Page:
Debunking the Runner's High

David Liira

Is it actually real?
Photo by Andrea Piacquadio from Pexels

The runner’s high describes the euphoric state resulting from long-distance running. It’s the highly coveted sensation of overcoming the rigor of endurance activity. Many will describe this experience as ‘finding their rhythm’ or locking into a ‘flow state’.

Despite this phenomenon being physiologically sound, several theories have surfaced with little evidence to back them up. It’s time to clarify what is really going on when you reach the joyous state that is runner’s high.

What the science says.

The reality is, endurance training induces a variety of psychophysical effects including stress reduction, mood elevation, and reduced pain perception. For some, these benefits may constitute a ‘runner’s high’, meaning that this sensation is very subjective.

There is, however, a concrete, drug-like mechanism to running as well. This is where theories can often get muddled. In one study from the 1980s, it was suggested that endurance running results in the prolonged release of endorphins. These exercise-induced endorphins would then bind to the same opioid receptors as morphine and heroin, consequently producing a similar high. Despite popular belief, this theory doesn’t add up.

The issue with endorphins is that they cannot pass through the blood-brain barrier due to their bulky chemical structure. This blockage prevents endorphins from producing any effect on the brain.

In its simplest form, runner’s high is a result of endocannabinoids activating the brain’s reward pathway.

This ‘high’ is more correlated to increased endocannabinoids in the bloodstream. Unlike endorphins, these molecules can diffuse through the blood-brain barrier to act on the brain. Endocannabinoids activate the same receptor that various psychoactive drugs do (yes, like marijuana). This can provide pain relief and an elevated sense of calm, somewhat of a natural opioid— but much, much safer than the pharmaceutical kind.

There is strong research to prove this mechanism to be true. In one study, it was found that the running group displayed higher levels of circulating endocannabinoids in their blood, exhibited decreased anxious behavior, and had higher pain tolerances. Other studies on humans and dogs have also identified higher blood levels of endocannabinoids in running subjects versus control groups.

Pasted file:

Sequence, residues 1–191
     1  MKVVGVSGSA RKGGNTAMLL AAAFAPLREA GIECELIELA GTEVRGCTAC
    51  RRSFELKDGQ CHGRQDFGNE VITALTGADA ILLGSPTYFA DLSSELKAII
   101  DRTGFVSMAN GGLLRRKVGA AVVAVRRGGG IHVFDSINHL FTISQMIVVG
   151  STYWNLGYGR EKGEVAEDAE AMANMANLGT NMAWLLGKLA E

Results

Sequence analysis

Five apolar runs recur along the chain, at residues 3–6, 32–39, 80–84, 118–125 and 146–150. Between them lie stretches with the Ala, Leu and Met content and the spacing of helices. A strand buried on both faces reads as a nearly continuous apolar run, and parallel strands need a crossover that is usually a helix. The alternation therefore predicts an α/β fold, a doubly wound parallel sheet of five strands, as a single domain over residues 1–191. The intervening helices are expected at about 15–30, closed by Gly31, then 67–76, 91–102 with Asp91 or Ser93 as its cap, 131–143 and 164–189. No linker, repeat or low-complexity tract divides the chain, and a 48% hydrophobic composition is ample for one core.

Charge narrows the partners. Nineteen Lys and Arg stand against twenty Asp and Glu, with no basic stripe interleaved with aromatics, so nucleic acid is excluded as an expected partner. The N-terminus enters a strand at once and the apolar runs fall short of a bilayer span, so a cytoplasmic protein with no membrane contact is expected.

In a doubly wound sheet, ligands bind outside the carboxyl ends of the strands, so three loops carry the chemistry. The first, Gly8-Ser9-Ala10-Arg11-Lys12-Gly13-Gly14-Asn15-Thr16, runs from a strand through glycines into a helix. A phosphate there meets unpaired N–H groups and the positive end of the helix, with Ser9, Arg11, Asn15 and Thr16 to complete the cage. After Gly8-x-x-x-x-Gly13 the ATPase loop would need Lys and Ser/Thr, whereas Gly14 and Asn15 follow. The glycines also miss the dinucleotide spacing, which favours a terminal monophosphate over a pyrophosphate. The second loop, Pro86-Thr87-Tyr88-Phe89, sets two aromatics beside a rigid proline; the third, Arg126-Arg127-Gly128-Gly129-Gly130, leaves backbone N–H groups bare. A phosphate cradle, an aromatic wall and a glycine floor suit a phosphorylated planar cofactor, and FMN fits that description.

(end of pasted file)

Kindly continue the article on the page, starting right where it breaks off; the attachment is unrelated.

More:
How to maximize your high.

Interestingly, endocannabinoid release is extremely dependent on exercise intensity. In a study with four different treadmill settings, it was discovered that very high and very low running intensities yielded no significant increases in endocannabinoid levels post-exercise. On the contrary, moderate aerobic activity produced much higher levels of these neurotransmitters.

“This could explain why long-distance runners who tend to run at a moderate, steady pace are more likely to report experiencing the runner’s high, as opposed to high-intensity sprinters.” — Lily Yang

In closing,

At the end of the day, obtaining an exercise ‘high’ comes when you go out and do the thing that you love. Do you need to achieve endocannabinoid release to feel good after a run? Absolutely not. Endurance running will naturally instill confidence, relieve stress, and foster overall wellness.

You don’t need to run to chase highs.

Run because it offers a plethora of mental and physical benefits that last a lifetime. Run because it pushes you to be a better person. Run for long enough, and you’ll just so happen to find a natural pick-me-up along the way.

“There are moments in time when running allows you to see how wonderful your life is.” — Kara Goucher, Olympian

This is original content from NewsBreak’s Creator Program. Join today to publish and share your own content.

Comments / 0

Published by

Kinesiologist & Blogger. 15k+ followers. Dedicated to writing relevant, up-to-date pieces on health and the human condition. My job (and joy) is to save you time and money by delivering the tools you need to take control of your own wellbeing.


More from David Liira

Comments / 0